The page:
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    \$\begingroup\$ @OlinLathrop - you claim that the question is not understandable, but the factual counter evidence is that several of us (those who posted answers, and myself) understood it. Since that debunks the technical issue, your remaining complaint is only aesthetic. Your comment complaint - from that basis - against someone for providing one of those answers was a prime example of this present attitude of yours which is incompatible with the stack exchange system. \$\endgroup\$ Jun 26, 2013 at 18:16
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    \$\begingroup\$ No, you mistake taking time to look into something for guesswork. On the broader issue, fortunately, the overall maintainers of the stack exchange system disagree with your counterproductive attitude - perhaps you'd like to take time to re-read yesterday's blog post: blog.stackoverflow.com/2013/06/the-war-of-the-closes/?cb=1 The particular thing to note will be that the reasons you want to use to close questions just don't line up with the official choices. \$\endgroup\$ Jun 26, 2013 at 18:21
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    \$\begingroup\$ The inability to tolerate others having a better ability to comprehend the thinking of a beginner, coupled with an unbelievably egocentric attitude of "xyz I want to discourage"is probably harming this site far more than the sloppiest of questions. @ChrisStratton has very capably made the point, I'd say. \$\endgroup\$ Jun 27, 2013 at 7:46

4 Answers 4


I appreciate your concern. Let me start off with a few statements that come from fancy graphs that I have access to:

  • Over the last year, our question volume has roughly doubled.
  • New review queues were implemented around November 2012, which corresponds to a (roughly) month-long spike in question closures without a matching increase in question volume.
    • This allowed any question with close votes to be seen by anyone looking at the review queue instead of disappearing, making questions easier to close.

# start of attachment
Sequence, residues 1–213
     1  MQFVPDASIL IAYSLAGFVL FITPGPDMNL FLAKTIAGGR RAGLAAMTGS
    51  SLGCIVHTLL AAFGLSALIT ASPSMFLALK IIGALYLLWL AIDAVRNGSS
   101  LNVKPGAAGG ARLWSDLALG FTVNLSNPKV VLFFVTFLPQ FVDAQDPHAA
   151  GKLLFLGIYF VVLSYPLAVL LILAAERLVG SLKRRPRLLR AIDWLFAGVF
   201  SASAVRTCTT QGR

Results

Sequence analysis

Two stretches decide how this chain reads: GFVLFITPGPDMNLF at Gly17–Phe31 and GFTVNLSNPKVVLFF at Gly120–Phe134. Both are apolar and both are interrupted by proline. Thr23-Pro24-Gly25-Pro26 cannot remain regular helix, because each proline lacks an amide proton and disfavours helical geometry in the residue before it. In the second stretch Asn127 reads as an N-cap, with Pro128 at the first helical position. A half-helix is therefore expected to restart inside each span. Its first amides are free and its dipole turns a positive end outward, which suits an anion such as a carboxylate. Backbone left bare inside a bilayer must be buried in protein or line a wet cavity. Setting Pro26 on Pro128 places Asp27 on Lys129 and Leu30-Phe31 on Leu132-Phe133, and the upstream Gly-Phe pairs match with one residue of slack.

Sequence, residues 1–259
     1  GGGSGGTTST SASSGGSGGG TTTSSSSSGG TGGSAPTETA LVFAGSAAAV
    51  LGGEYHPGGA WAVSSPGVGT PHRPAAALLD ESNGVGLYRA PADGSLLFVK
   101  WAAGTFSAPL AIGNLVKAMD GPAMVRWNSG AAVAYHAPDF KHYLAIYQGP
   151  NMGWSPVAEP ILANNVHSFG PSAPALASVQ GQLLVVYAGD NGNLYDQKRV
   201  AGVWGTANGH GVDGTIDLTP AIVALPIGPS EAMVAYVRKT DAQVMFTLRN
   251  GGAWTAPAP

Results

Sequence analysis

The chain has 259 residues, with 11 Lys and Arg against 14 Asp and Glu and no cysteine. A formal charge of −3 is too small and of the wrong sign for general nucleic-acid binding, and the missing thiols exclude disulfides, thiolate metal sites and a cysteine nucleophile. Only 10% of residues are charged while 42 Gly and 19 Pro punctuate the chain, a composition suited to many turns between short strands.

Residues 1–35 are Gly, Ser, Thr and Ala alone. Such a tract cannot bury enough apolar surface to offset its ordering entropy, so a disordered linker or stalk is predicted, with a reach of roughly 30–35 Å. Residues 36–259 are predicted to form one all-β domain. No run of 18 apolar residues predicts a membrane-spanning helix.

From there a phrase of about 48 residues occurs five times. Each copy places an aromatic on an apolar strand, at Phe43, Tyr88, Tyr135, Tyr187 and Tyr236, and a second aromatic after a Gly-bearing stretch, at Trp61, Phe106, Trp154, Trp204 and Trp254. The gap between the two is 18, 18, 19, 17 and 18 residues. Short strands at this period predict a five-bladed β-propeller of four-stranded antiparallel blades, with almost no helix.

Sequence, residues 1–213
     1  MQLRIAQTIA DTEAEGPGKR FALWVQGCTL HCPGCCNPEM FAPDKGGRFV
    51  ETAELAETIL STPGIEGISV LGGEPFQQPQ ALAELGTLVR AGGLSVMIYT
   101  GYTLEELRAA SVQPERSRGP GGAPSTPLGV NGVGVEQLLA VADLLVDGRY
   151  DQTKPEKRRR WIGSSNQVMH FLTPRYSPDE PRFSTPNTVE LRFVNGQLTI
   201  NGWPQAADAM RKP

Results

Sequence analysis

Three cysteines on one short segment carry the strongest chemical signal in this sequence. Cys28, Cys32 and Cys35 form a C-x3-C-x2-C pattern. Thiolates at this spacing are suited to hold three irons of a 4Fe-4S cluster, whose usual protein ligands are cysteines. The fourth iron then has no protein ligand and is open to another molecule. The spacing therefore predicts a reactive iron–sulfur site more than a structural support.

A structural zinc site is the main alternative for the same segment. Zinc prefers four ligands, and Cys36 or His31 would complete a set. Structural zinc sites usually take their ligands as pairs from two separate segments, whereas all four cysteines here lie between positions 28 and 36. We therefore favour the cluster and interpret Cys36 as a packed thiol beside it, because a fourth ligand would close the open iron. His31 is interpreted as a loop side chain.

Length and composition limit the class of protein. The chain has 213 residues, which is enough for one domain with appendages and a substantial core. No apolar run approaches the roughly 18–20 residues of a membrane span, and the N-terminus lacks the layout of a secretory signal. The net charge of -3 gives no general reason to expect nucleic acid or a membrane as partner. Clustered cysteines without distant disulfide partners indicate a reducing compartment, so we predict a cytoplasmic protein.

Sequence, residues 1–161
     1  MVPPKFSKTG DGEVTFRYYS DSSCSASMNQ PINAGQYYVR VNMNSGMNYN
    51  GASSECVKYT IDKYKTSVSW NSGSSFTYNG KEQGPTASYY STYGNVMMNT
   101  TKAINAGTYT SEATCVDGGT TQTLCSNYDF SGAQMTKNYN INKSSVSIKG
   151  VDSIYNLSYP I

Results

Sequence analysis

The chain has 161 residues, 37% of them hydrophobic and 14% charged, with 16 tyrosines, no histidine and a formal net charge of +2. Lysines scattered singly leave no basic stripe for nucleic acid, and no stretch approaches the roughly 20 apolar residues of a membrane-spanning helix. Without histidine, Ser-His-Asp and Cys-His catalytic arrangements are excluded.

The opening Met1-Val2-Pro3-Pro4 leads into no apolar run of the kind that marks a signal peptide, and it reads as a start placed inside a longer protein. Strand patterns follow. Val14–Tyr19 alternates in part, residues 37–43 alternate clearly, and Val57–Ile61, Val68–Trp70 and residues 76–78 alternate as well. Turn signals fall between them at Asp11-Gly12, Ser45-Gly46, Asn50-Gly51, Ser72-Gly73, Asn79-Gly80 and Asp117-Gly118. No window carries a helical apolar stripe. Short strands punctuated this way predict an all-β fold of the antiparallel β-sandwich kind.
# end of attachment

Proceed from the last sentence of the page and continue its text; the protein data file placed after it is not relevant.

• Close vote aging rules also changed so that they wouldn't age unless the question had over 100 views - also making questions easier to close.
    • Question volume increased mid-January, and the number of closed questions scaled with that increase

Eyeballing the graphs, I'll divide the timeline into three segments - before November 2012, November 2012, and after November 2012.

  • Before November 2012, roughly 13% of all questions got closed
  • During November 2012, over 25% of questions got closed (1)
  • After November 2012, 16% - 19% of questions get closed

It's hard to conclusively say what's going on because I believe that the changes to the close system in November created a huge queue of questions with close votes to be reviewed. I would argue that the review queues and previous close vote changes have improved the question quality as fewer "marginal" questions fall through the cracks. In terms of absolute number of closed questions, yes that number has increased considerably - but it has matched the rise in question volume. It remains to be seen how the latest (06/25/13) close vote changes affect the system. Personally, I am very excited to see these changes as I think it will make it more obvious what "closing" means to our community.